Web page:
Unfortunately their collective effort was recently dropped, due to news of arrests being made by the Delhi police.
“In these overwhelming situations when the government failed its people, citizens came to rescue one another. Social media surprisingly emerged as a rare light at the end of the tunnel,” says Jyotsna.
Tanvi Seth, a student from Lucknow studying law at the Jindal Global Law School says it was April 12 that she first shared a Covid resource on Instagram. The lead she posted proved helpful to one of her friend’s relatives. Moved by the fact that a single story could help, Seth has since been posting information regularly, gathering from Whatsapp groups, Twitter handles, influencers, friends.
“I plan to continue to post about Covid resources and all verified leads as long as I can. Here’s encouraging everyone to help save lives, by devoting if not hours then some minutes of your day. You never know who watches your story and connects it to somebody in desperate need of help. When the government has failed us, we’re all we have, citizens for citizens,” she says.
Another moving experience in the present scenario is that of Kaushik Raj, a poet currently working with a team of almost 50 people via social media. Some members of this team verify leads while the rest attend SOS messages they receive online. They have also started a platform called the Citizen Aid Collective, where people can consult doctors online. Anyone in need of a consultation can visit its Instagram or Twitter page and get a doctor’s consultation.
Raj says they have helped more than 200 people so far.
Likewise for Aba Noor, who recently completed her degree in public health, it has been a shared experience. “I started independently, using my IG account because that's where I have my audience. Very soon I was joined in by a very few amazing and loving strangers who like me wanted to help. We now as a team work on SOS and Covid management – queries, leads, requests, verification, collecting sources and amplifying these verified leads.”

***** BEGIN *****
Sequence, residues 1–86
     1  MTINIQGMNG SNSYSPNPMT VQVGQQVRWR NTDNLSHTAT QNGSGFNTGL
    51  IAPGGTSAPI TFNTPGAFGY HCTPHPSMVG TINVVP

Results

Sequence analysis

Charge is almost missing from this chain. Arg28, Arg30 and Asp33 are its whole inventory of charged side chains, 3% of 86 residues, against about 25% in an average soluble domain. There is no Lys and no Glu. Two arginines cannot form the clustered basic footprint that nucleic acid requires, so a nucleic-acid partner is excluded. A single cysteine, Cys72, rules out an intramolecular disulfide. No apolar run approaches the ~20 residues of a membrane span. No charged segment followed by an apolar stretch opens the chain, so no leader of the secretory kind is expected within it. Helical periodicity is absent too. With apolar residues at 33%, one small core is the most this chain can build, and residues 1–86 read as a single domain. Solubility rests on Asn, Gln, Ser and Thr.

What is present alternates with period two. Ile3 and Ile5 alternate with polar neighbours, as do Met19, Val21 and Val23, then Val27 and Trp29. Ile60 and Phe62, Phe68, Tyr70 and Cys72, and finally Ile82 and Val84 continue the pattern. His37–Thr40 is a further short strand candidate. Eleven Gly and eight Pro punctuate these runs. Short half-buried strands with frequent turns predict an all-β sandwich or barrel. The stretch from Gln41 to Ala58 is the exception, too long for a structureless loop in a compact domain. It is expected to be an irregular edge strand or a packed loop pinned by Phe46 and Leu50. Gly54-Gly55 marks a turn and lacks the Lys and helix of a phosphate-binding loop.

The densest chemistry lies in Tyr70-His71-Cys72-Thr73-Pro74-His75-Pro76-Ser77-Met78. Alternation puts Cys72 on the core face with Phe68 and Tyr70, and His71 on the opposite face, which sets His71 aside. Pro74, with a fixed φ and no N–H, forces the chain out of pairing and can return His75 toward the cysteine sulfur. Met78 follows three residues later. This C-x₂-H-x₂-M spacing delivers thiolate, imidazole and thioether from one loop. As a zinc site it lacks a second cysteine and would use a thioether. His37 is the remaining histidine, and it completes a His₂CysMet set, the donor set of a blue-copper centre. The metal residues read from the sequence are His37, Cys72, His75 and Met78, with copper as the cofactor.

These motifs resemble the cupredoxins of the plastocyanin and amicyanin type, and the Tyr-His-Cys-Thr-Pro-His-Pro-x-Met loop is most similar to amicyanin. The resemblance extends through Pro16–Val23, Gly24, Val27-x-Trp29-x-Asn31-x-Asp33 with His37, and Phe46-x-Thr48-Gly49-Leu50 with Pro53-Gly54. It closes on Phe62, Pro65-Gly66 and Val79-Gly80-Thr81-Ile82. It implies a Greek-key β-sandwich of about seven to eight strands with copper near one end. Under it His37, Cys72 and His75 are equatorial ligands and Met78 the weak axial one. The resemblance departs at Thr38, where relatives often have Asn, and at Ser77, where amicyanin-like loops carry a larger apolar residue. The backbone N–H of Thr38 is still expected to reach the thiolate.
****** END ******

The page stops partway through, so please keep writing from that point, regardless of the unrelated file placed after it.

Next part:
Lucknow resident Rifat Alameen recalls how social media solidarity helped her arrange essential medicine for her family. “My father tested covid positive and was subsequently admitted to Era Medical College. Given that he was hospitalised, it quite obviously fell upon the hospital administration to take care of his medical needs.
“However, one fine day, the doctors asked us, the family, to urgently arrange for at least six remdesivir vials. With black marketing in play and shortage all around, there was no pharmacy that I checked for the injections that replied in positive. In desperation I posted a story on Whatsapp requesting my contacts for any remdesivir leads, and it was through there that a friend reached out and we were able to arrange for the injections through a government run pharmacy,” says Alameen.
“The sad part here was, that I was able to procure the drug, free of charge, through this pharmacy because I happened to have a contact. Many did not, and they either paid a hefty price for it or suffered.”
The times are such that even famous personalities like journalists, comedians, influencers have come forward on social media with vital information regarding oxygen, available beds and other necessities.
In the end the threats faced by the people of Gotham City are only defeated when Batman and the administration come together to defeat the menace of Joker and Bane. It is quite obvious that such a response is required for India to beat this crisis.